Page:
TD controversy

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TD controversy - TD controversy becomes part of Rose Bowl lore...
TD controversy becomes part of Rose Bowl lore PASADENA You saw it . . . I saw it . . . millions across the land saw it. So did Ron Simpkins, the Michigan linebacker. His view was close, tight-in and very clear and definite. Says Simpkins: "He hit the goal line without the ball. Definitely. "He tried to go up over our stack and as I came to him, the ball was already gone." So rages one of the hottest controversies in the 65-year history of the Rose Bowl football game. Michigan lost again Monday in the Rose Bowl, bowing to Southern Cal, 17-10, on a phantom touchdown. It was the thin line of difference in a rugged, error-strewn game which saw the Wolverines fall for the third straight year in the Rose Bowl and sixth straight time in postseason play. , The one important man who disagreed with Simpkins and countless others about the critical goal-line play that produced USC's winning score was Gilbert Marchman, the field judge. Marchman is a,Big Ten official. He was watching from the left sideline as Charles White, USC tailback, dived from the three-yard line toward the goal with USC leading 7-3, in the second period. The ball popped from White's arms there's no disputing that. But the question is when did it fall loose: before, or after, White had reached the goal line? TV replays suggest strongly that Ron Simpkins was right, that the ball was gone. But Marchman was just as definite. Through Jack Springer, supervisor of the game's offi cials, Marchman relayed word that White definitely had crossed the goal before losing possession of the ball. 'It definitely wasn't' a TD Jerry Meter, another Michigan linebacker, recovered the ball in the end zone after White lost it. "I saw the ball loose on the one-yard line and it rolled into the end zone and I fell on it," he said. "But actually I couldn't tell whether White had reached the goal line with it. The official made the call right away." Simpkins didn t agree with that. "The official hesitated a bit, and then he signaled for a touchdown. It definitely wasn't." Bo Schembechler, still without a victory in any bowl although he is the winningest coach in the college game, was not about to be dragged into the dispute. Still, his feelings were clear enough. "My buddy Woody (Hayes) always wanted to use Instant television replays on close and important plays,", said Schembechler, "and maybe he's right about that. "I don t want to talk about it because what I have to say will just get me in trouble. Our entire team felt we had him stopped. It s just shame for our kids who hard so hard to have something like this happen to them." The incident was the first major dispute in the Rose Bowl since 1948, and it was remarkably similar. North-western's Art Murakowski fumbled at the goal line in the second period against California, but was awarded a touchdown and it produced a 20-14 victory. Like that one, the phantom score by White this time will live on in Rose Bowl lore, and linger with some bitterness in the minds of Michigan followers who surely must feel they were jobbed here. "Were you shafted, Bo?" someone hollered to the Michigan coach. "Im not going to answer that," Schembechler replied. He was disappointed, deeply so, to have lost again, for now surely his critics will cite his record of never having been able to win the final game of the season. If the Wolverines don't lose to Ohio State, they lose in the bowl. I m getting tired of coming to this kind of meeting," Schembechler said, laughing half-heartedly, "I was in no position to see whether White had scored. All I can say is everyone says it was not a touchdown, and when you get down like that (the TD lifted USC to a 14-3 lead), you then half to play the game differently." White himself had a rather curious response to questions over the controversial play. "I scored and then I just released the ball," he said. Even he had to laugh about that. . Actually, that was one score the officials flat out gave the Trojans. Michigan gave USC two more, or all the rest of its points, and so the Wolverines do not come off as guiltless in defeat. Wolverines hurt themselves Southern Cal sprang to its opening touchdown after grabbing Rick Leach's first pass of the game and running it back to the 16-yard line. Then just- before the half, the irojans snared another Leach pass ana used it rpr a field goal. Rick played very well, said Schembechler. "The thing was our offense just did not play as well as I'd hoped." As a matter of fact, the Wolverines were uncommonly sloppy. They had the ball seven times through the first half, and each time some misplay a dropped pitch or pass, a penalty, a sack on Leach, a penalty once robbed them of momentum. "We've had a long layoff since the last time we played," said Schembechler. "It's not that easy to regain your rhythm." He figured that defensively, his team played well enough to win the game anyway. But on offense, the Wolverines just couldn't put anything together against an equally rough Southern Cal defense. "I was disappointed we didn t block very well, but both offenses were having trouble. It was a very rugged game." He defended his strategy punting away the ball at midfield with 2:50 left in the game. Michigan never regained possession as Southern Cal ran out the remaining time. "We had three time outs left and time enough to do something," Schembechler said, "providing we held USC. But we didn't."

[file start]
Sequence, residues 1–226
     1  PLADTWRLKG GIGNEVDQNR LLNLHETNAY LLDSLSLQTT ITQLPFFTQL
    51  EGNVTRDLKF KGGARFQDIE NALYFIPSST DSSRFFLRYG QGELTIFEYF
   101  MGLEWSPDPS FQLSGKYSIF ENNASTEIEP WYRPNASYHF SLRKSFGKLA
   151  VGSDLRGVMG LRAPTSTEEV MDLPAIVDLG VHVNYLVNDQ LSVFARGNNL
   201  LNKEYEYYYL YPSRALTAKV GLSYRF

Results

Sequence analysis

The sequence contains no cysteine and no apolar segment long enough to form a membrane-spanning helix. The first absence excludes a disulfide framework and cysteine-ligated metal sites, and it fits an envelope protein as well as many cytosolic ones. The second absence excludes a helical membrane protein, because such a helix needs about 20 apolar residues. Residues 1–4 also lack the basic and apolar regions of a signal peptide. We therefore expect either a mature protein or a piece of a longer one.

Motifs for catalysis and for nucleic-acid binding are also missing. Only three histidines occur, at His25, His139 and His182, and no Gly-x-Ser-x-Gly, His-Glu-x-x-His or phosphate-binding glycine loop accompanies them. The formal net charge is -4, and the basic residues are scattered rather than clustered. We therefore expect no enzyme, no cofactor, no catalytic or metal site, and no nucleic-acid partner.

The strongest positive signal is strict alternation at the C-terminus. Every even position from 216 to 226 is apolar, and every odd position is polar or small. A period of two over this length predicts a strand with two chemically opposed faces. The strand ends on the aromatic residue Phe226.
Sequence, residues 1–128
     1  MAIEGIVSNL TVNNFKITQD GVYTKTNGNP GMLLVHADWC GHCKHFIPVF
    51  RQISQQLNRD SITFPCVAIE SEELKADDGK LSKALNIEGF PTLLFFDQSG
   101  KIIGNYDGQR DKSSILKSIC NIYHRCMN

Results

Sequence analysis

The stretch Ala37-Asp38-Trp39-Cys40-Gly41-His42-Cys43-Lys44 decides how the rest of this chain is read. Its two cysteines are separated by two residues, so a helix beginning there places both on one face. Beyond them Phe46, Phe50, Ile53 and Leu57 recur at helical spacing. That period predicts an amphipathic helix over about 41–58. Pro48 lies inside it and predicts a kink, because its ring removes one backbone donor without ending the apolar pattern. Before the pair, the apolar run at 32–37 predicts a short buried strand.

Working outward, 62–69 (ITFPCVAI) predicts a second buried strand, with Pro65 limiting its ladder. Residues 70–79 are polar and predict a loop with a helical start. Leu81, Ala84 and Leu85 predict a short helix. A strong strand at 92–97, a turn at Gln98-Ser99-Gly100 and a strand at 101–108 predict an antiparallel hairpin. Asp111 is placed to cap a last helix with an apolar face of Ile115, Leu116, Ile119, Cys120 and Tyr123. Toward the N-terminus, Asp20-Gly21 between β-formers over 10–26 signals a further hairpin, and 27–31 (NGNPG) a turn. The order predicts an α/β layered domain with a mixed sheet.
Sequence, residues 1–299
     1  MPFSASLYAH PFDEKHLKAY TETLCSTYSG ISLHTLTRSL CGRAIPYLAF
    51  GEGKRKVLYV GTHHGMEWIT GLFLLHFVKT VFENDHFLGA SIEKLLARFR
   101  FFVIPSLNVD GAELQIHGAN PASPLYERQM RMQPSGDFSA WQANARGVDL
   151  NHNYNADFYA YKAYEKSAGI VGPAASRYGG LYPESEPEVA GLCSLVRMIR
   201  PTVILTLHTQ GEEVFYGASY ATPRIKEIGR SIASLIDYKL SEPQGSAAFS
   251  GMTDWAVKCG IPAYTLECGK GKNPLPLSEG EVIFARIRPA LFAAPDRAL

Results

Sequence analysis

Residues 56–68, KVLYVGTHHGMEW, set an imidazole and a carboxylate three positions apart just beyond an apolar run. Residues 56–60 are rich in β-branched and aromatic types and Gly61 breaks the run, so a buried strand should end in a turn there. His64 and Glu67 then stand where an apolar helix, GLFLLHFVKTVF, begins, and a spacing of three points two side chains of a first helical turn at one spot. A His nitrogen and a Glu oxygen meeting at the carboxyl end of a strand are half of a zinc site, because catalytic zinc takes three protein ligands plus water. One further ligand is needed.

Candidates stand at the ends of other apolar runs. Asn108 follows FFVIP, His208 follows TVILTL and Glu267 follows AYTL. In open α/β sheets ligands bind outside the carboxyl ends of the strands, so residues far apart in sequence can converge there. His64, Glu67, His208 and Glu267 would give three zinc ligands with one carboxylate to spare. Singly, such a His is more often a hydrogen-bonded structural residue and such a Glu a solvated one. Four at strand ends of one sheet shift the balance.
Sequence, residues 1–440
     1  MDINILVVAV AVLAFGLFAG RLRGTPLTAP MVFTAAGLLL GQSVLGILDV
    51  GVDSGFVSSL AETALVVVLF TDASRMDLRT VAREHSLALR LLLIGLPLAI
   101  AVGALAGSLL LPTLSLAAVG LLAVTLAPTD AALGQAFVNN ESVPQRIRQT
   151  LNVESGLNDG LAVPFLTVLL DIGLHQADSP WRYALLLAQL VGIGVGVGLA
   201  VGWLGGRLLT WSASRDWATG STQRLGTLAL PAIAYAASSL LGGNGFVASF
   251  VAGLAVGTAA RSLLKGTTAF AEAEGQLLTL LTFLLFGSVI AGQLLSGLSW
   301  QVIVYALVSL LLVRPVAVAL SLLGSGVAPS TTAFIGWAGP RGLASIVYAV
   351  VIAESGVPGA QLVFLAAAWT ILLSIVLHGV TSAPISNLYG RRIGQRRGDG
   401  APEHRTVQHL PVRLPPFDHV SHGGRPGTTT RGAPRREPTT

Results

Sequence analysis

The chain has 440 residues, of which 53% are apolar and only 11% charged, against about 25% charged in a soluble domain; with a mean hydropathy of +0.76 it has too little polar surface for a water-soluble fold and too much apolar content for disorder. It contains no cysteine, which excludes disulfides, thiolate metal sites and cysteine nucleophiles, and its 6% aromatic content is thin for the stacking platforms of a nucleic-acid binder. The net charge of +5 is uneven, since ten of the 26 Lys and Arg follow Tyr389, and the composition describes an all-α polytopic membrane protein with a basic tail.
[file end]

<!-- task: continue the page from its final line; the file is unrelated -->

Clipped from
  1. Detroit Free Press,
  2. 02 Jan 1979, Tue,
  3. metro,
  4. Page 39

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  • TD controversy

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